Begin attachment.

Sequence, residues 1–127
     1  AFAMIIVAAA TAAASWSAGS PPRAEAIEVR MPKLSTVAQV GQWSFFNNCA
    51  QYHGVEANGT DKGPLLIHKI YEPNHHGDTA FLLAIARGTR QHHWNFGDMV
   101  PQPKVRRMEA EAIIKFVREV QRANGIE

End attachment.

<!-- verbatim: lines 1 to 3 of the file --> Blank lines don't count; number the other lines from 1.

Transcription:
Sequence, residues 1–127
     1  AFAMIIVAAA TAAASWSAGS PPRAEAIEVR MPKLSTVAQV GQWSFFNNCA
    51  QYHGVEANGT DKGPLLIHKI YEPNHHGDTA FLLAIARGTR QHHWNFGDMV